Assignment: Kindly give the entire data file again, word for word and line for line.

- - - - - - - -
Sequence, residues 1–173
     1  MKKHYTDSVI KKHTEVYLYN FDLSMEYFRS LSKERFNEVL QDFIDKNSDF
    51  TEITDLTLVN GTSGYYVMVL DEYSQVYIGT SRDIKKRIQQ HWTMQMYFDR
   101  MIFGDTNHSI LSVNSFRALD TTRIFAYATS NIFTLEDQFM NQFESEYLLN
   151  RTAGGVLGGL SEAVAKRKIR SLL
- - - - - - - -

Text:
Sequence, residues 1–173
     1  MKKHYTDSVI KKHTEVYLYN FDLSMEYFRS LSKERFNEVL QDFIDKNSDF
    51  TEITDLTLVN GTSGYYVMVL DEYSQVYIGT SRDIKKRIQQ HWTMQMYFDR
   101  MIFGDTNHSI LSVNSFRALD TTRIFAYATS NIFTLEDQFM NQFESEYLLN
   151  RTAGGVLGGL SEAVAKRKIR SLL